Recognition of Hand Gestures using Wearable Sensors

  • Joel Hodgson

Student thesis: Masters ThesisMEng


Approximately 5200 amputations are reported annually in the UK. Prosthetic limbs have been used throughout history in an attempt to improve the quality of life of an amputee. A recent area of development is Myoelectric Controlled Prosthetic limbs. Myoelectric prosthetics use electromyography to record data from the users' muscle activity to control the limb. Mechanical advancements of the limbs have resulted in an increasing number of degrees of freedom and functionality. However, current myoelectric prosthetic limbs are still limited to basic opening and closing functions. There is a clear need for the development of a Myoelectric Controlled Prosthetic arm with a range of dexterous gesture

This project developed three different machine learning models for the classification of hand gestures using electromyography (EMG) signals. These models included a Support Vector Machine (SVM), a Convolutional Neural Network (CNN) and an integrated CNN with Naive Bayes Network. The models
were trained and tested using a combination of EMG data taken from an opensource database and data recorded from the real-time user. The performance of each model was tested for a set of 5 and 10 gestures, both offline and in real-time. The Convolutional Neural Network (CNN) with a Naive Bayes Network achieved the highest offline accuracy of 96.5% and 94.1%, for 5 and 10 gestures respectively.

In real-time, the standard CNN had the highest performance for 5 gestures, with an overall accuracy of 98.5% and 2 out of 5 gestures achieving 100% accuracy. Only 8 out of 10 of the gestures were able to be classified in real-time. The CNN with Naive Bayes model had the highest performance classifying 8 gestures with a mean accuracy of 88%. Although the CNN with Naive Bayes model performed the best when classifying 10 gestures, the model occasionally became stuck and unable to make a decision. Therefore, the standard CNN model was chosen to be the most effective real-time model. The CNN had a constant decision rate of 5 decisions per second, and an accuracy of 98.5% for classifying 5 real-time gestures.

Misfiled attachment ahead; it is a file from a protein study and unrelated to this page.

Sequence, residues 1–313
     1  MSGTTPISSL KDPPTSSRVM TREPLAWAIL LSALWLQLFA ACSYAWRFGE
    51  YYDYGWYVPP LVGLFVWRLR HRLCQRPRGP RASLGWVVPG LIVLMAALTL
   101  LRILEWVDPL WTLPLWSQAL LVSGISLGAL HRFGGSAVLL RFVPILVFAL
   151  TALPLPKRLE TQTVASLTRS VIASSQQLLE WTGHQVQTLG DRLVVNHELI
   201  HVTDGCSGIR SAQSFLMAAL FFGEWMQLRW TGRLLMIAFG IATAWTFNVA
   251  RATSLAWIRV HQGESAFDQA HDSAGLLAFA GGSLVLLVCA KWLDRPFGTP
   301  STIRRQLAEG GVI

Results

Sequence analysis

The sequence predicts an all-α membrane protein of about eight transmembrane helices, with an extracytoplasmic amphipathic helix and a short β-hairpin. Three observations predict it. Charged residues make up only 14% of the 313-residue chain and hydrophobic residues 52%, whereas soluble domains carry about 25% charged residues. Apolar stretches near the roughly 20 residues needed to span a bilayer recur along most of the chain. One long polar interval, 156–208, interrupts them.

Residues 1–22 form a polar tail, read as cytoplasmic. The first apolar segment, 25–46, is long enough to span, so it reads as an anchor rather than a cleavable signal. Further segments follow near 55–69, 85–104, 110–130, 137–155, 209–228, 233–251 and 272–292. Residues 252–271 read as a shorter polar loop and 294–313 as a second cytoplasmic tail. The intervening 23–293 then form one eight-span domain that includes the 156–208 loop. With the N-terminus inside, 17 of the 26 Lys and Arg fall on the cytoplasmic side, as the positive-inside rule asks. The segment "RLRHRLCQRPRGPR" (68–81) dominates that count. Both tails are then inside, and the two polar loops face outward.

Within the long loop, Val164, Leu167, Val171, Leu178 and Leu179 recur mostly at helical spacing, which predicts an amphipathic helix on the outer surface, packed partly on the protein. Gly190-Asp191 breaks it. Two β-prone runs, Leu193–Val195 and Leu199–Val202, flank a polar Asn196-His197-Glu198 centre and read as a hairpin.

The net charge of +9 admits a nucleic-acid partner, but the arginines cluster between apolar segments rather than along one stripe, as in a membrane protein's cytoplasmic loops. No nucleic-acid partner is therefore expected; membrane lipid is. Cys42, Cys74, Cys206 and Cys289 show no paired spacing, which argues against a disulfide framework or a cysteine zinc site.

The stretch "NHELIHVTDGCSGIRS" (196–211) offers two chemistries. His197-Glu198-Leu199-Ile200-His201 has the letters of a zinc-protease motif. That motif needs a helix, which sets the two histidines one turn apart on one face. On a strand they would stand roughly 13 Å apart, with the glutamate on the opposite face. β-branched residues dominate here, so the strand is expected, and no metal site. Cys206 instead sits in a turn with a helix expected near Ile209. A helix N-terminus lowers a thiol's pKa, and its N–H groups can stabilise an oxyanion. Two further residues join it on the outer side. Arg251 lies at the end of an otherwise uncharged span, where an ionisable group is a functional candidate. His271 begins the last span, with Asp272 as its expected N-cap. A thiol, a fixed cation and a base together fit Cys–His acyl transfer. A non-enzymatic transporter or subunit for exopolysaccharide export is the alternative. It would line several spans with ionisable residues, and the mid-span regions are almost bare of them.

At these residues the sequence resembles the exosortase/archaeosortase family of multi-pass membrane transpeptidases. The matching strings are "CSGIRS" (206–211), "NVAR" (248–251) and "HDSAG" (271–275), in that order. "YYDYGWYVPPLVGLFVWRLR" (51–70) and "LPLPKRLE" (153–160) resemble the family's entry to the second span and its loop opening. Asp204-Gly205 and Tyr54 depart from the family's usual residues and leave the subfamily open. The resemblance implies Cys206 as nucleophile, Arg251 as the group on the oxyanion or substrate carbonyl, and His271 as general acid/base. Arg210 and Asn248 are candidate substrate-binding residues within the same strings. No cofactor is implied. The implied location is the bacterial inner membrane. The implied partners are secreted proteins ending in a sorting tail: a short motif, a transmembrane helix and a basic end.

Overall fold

It was found that training the models with EMG data from the real-time user was a necessity. When the CNN model was trained using only data from the real-time user, 5 gestures were classified with 99.5% accuracy and all 10 gestures were classified in real-time. When the model was trained with data not from the real-time user, the model accuracy dropped and was unable to accurately make real-time decisions. Future development of this project should focus on the development of a graphical user interface, optimisation algorithms and investigations to new features and CNN structures. Long term developments should integrate the gesture classifications into the control system of a Myoelectric Prosthetic arm.

The development of these machine learning models hopes to bring increased dexterity and control to such devices.
Date of Award2019
Original languageEnglish
SupervisorUriel Martinez Hernandez (Supervisor)

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